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Criminal Law
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October 21, 2022

There are a number of sentences and penalties which the Court can give as a result of being found guilty of an offence. Each sentence differs from the other and the Court will consider a number of different factors before choosing a sentence. 

Factors considered by the Court when giving a sentence include:

  • The seriousness of the offending;
  • The offender’s personal circumstances at the time of the offending;
  • The offender’s criminal history, including their compliance with past sentences;
  • The offending’s effect on the victim;
  • Steps the offender has taken post incident, such as completing a substance abuse or safe driver’s program;
  • Character references provided by the offender;
  • The offender’s remorse; and
  • Submissions made by the offender’s lawyer.

Below are the most common sentences imposed in the Magistrates’ Court of Victoria, starting from sentences for less serious offending and ending in sentences for the more serious offences.

Dismissal

A dismissal is the least serious sentence applicable in the Magistrates’ Court. If the offender is found guilty of an offence which is on the lowest end, a Magistrate may consider a dismissal. 

A dismissal is when the Magistrate finds the offence proven, a finding of guilt is recorded against the offender, however there is no conviction or further penalty. 

Dismissals are most common in circumstances where it is a first-time offender and the circumstances around the offending do not warrant a further penalty.

Adjourned Undertaking

If an individual is found guilty of an offence, the Court may adjourn the matter for up to five years (most commonly 12 months), with the offender entering into an Undertaking to be of good behaviour for the duration of the adjournment. The Magistrate has discretion in imposing a conviction. An Adjourned Undertaking is commonly referred to as a “Good Behaviour Bond”.

The Court may also impose further conditions other than to be of good behaviour, such as to attend upon a general practitioner and obtain a mental health care plan, complete a safe driver’s program or even make a donation to the Magistrates’ Court Fund.

If any of the conditions are not complied with, the offender may be resentenced, with risk of a harsher penalty. They will need to appear at the adjourned date in these circumstances.

If the offender has complied with all the conditions of their Undertaking, then they will not need to return on the adjourned date and they will have completed their sentence. 

Fine

A fine is a financial penalty which may be imposed on the offender. The Magistrate has discretion in imposing a conviction.

Often, fines are referred to Fines Victoria, where the offender will receive a letter in the mail with instructions on how to pay the fine and when it is due. It is important to ensure that the Court has your current address so that fines are not lost.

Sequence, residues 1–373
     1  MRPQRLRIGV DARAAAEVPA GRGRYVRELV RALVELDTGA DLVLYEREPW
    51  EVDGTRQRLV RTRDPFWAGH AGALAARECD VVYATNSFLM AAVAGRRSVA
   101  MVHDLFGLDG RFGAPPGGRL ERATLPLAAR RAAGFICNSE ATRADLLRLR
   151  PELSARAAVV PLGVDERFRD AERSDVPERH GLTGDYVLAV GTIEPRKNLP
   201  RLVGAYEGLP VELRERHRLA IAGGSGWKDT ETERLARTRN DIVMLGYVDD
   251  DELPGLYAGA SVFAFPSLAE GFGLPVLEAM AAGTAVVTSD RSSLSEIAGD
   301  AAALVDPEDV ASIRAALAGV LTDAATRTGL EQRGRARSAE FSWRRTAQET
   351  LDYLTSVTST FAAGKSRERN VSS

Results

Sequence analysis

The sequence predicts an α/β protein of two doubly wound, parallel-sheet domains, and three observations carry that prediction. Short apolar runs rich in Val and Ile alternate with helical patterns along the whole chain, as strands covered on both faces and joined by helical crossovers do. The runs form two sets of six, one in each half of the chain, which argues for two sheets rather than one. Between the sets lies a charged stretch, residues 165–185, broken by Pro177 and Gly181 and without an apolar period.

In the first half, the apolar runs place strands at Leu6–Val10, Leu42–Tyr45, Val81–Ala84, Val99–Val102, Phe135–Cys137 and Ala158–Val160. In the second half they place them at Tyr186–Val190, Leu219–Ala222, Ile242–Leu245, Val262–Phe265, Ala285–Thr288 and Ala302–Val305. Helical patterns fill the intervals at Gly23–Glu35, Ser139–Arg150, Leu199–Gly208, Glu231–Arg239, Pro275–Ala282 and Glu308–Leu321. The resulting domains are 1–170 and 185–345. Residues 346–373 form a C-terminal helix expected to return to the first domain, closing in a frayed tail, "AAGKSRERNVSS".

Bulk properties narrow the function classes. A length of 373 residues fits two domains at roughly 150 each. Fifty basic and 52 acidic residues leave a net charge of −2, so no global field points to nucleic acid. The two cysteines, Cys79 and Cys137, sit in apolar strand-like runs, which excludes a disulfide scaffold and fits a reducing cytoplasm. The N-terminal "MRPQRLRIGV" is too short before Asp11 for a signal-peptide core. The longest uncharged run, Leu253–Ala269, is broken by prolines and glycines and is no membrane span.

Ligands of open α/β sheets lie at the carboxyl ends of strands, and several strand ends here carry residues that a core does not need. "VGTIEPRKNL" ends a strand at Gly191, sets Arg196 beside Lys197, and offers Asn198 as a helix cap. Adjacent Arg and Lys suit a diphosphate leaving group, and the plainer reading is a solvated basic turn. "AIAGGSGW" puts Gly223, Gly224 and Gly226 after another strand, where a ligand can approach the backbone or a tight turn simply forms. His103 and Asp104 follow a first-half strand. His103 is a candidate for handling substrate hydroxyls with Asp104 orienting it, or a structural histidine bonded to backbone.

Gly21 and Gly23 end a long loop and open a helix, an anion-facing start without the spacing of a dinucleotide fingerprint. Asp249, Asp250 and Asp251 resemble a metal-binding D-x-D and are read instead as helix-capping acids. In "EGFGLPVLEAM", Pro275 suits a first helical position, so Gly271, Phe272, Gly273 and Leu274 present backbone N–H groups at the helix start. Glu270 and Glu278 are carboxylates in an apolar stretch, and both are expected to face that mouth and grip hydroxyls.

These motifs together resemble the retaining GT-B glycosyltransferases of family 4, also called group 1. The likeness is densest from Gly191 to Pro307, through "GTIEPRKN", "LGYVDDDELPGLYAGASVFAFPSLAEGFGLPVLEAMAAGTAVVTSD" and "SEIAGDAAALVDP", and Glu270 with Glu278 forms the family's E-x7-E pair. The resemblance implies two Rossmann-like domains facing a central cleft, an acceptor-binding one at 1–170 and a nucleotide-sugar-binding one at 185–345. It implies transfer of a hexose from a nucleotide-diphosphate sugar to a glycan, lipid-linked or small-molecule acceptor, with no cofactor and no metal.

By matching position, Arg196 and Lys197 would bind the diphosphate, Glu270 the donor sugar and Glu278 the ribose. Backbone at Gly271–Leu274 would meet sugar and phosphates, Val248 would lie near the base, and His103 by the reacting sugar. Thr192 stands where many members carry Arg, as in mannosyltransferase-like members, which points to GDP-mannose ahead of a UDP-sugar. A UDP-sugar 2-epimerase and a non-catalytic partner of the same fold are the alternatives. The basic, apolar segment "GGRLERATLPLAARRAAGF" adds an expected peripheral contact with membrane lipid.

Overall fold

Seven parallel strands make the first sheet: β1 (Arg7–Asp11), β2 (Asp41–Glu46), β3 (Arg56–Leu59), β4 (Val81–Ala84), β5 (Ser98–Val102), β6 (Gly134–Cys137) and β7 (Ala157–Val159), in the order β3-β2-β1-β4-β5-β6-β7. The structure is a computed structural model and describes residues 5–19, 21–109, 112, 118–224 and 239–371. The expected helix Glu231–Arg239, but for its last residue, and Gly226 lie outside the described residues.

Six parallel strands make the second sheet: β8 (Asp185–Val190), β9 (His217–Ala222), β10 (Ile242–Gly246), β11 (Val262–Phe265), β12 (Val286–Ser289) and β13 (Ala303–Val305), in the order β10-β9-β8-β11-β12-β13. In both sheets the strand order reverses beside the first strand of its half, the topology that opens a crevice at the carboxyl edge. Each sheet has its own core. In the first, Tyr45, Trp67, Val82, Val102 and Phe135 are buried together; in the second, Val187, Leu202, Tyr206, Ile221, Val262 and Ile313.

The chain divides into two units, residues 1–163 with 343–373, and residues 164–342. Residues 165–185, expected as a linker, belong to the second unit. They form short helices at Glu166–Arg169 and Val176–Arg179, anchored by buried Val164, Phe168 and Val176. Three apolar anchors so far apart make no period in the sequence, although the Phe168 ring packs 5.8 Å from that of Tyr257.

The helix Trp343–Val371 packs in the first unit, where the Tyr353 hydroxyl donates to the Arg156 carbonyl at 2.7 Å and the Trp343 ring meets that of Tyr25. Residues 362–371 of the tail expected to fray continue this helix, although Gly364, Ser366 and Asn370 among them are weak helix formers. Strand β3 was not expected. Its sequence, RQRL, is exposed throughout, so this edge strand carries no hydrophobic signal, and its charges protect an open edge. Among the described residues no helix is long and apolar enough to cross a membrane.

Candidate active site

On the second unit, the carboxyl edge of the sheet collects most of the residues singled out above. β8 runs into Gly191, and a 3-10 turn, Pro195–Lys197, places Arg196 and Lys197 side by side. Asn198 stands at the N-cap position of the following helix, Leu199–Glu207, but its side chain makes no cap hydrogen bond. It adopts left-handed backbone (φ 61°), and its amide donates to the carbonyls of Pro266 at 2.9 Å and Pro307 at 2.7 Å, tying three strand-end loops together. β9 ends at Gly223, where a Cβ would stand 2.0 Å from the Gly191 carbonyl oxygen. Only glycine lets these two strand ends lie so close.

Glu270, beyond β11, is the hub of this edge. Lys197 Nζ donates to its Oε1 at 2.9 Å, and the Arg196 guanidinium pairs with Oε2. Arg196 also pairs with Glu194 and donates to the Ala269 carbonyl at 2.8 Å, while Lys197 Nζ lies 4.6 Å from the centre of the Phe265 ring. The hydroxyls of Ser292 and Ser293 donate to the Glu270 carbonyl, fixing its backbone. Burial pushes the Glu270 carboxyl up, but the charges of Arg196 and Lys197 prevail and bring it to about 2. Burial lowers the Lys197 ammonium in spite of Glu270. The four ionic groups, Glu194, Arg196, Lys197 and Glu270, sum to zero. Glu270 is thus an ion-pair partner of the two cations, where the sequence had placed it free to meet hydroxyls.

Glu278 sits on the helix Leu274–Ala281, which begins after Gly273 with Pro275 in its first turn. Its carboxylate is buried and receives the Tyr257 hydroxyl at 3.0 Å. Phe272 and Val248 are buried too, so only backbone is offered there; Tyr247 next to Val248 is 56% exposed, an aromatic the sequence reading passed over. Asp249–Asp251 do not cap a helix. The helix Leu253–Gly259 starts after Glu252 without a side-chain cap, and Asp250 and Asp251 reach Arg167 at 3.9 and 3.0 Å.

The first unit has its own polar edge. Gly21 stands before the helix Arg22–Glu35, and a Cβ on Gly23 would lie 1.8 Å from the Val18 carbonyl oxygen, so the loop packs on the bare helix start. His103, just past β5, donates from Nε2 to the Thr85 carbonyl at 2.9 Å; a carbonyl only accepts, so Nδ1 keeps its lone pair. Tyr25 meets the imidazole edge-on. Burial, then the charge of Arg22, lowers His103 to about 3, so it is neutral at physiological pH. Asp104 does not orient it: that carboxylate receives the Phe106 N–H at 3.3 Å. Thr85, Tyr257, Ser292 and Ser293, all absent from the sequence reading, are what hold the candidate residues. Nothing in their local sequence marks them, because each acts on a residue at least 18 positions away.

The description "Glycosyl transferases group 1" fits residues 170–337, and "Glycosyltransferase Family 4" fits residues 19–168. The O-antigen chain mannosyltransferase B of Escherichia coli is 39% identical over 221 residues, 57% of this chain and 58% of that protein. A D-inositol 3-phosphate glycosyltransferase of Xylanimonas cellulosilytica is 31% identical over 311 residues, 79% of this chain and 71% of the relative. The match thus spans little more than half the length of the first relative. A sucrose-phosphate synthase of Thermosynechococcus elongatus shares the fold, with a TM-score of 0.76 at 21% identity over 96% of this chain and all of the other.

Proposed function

The monetary amount imposed by the Magistrate is dependent on a number of factors, including the seriousness of the offending and the offender’s financial position. 

Community Corrections Order (CCO)

A Community Corrections Order (CCO) is the second highest sentence which the Court can impose on an offender. CCOs are flexible orders which allow the offender to serve their sentence in the community. A number of varying conditions can be imposed and are determined on the personal circumstances of the offender and the nature of the offending.

When the Court is considering imposing a CCO, the sentence will be adjourned for a short amount of time so the offender can be assessed as to their suitability to undertake a CCO. The offender will be contacted by their closest corrections centre and will be assessed on a number of different things, such as their risk of reoffending, their mental health, substance abuse issues, home life, the need to be monitored and their suitability to complete community work.

Once assessment has been completed, the corrections assessor will then write a report to the Court, with recommendations on the most suitable conditions for the offender. These conditions may include:

  • Unpaid community work;
  • Psychological treatment;
  • Treatment for substance abuse; and
  • The offending’s effect on the victim;
  • Supervision.

It is ultimately the Magistrate’s decision as to what conditions are applied on the CCO, and may impose further conditions such as:

  • Curfews;
  • Bans on entering specified areas or places;
  • Bans on entering licenced premises and bans on drinking alcohol;;
  • Restrictions on contacting or associating with certain people or groups; and
  • Residential restrictions.

Breaching any of the conditions of a CCO may result in being resentenced. 

Imprisonment

For more serious offending, the Court may sentence an offender to a period of imprisonment. Imprisonment may also be a suitable sentence where the offender has a long criminal history and has not complied with previous orders.

The Magistrates’ Court can only sentence an individual to a maximum of 2 years imprisonment for a single offence, or up to 5 years for multiple offences.

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